Having both left high school after 10th grade, 16-year-old Sage Khanuja of Bellevue and 17-year-old Nikolas Ioannou of Seattle bonded over their mutual interest in artificial intelligence.
Now University of Washington (UW) freshmen, the two teens founded Spira, an app that sends daily updates of COVID-19 statistics and collects data on symptoms of respiratory diseases using artificial intelligence.
Khanuja was focused on creating a tool to screen patients for respiratory diseases after seeing intense air pollution affecting dense urban populations in India.
“Respiratory diseases are a huge problem,” he said. “I’m not coming from a medical space so I was really surprised to learn that they’re almost very similar numbers to cancer. [Respiratory diseases] are the third-leading cause of death in the world. They’re very preventable if you identify them at the right time.”
Khanuja and Ioannou are both studying computer science and were early entry students at UW through the Robinson Center for Young Scholars.
“We started working on the inherent technology behind Spira several months ago…because initially, we were developing screening for asthma, pneumonia, all the COPD, etc.,” Khanuja said.
Spira’s initial concept was as a 3-D printed device with an attached stethoscope to provide insight on a person’s respiratory function, according to Khanuja.
With the onset of COVID-19 just more than a month ago and its relation to respiratory diseases, Khanuja and Ioannou shifted their focus toward the virus and released an online screening test and text message service that provides daily statistics.
By inputting a cell phone number to receive text messages, Spira uses area codes to determine which statistics are most relevant to a user’s location.
“We chose to integrate with texting because it’s a seamless integration into people’s lifestyles,” Ioannou said. “They don’t have to go look for the right news. They don’t have to go look for the right website that shows statistics.”
Spira includes a screening test that collects anonymous data from a person’s responses to the questions about their symptoms and circumstances.
“We’ve been able to create these machine-learning models that simulate the process that a doctor would undergo in screening someone who has COVID,” Ioannou said.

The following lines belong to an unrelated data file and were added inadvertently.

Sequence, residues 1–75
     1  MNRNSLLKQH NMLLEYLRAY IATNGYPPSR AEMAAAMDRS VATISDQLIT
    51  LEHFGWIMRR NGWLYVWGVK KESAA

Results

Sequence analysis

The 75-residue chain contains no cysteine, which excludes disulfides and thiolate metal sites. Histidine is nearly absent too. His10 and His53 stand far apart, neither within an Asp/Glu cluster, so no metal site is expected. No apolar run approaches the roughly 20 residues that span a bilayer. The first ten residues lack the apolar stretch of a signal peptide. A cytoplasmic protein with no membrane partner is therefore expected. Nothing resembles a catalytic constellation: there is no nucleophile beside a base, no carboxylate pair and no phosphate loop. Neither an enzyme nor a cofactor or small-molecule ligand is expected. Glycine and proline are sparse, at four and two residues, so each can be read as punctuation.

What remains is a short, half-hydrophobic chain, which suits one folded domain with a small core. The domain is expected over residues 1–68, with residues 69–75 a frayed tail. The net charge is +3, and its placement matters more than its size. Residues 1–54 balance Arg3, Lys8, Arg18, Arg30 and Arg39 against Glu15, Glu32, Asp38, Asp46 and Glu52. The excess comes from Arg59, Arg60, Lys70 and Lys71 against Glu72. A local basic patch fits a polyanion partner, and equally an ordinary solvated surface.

According to Ioannou, the app provides basic health recommendations based on guidelines from the Centers for Disease Control and Prevention on what an individual should do next.
“Several thousand people have taken the screening test and through that, we’re able to see the trends of what symptoms are most common,” Khanuja said. “Something that we’re going to be doing over the next couple of weeks, is trying to geographically map and trace those symptoms.”
Khanuja and Ioannou’s work on Spira has impressed Matt Whitehill, a doctoral student who works in the UW Ubiquitous Computing Lab. Whitehill met Khanuja and Ioannou in January at the WE-Reach Biomedical Innovation Bootcamp.
“It’s hard not to speak with them and be like, ‘Oh you guys are really young,’” Whitehill said. “But the truth is, they don’t act young in terms of the way that they execute or their insight into technology or how these things come together.”
Since Khanuja and Ioannou met a year ago, they have developed a strong friendship.
“I think having such a close relationship with Sage makes all of our work a lot more fun for me,” Ioannou said. “At the surface level, you see that we’ve made these two products, but in the back end, there’s a ton of work that goes into it…We’re taking all the same classes together, we spend several hours together, now obviously virtually during quarantine, just to ensure that we can really do what we want to do.”
Khanuja echoed the statement.
“Nik is my best friend by far and I’m really glad to have formed a really strong bond with him,” he said. “I’ve never had anyone that was just similar on so many levels.”
Khanuja and Ioannou’s shared interests of computer science, technology and innovation are paired with their drive to create products that aim to provide a social good.
“The thing that’s been very clear in both of our minds is the fact where we can use our technology skill set and the products that we build to really meaningfully impact other people, as cliche as it sounds, because that’s what’s meaningful for us,” Khanuja said.
Julia Leonard is a journalism student currently enrolled in the University of Washington’s News Laboratory.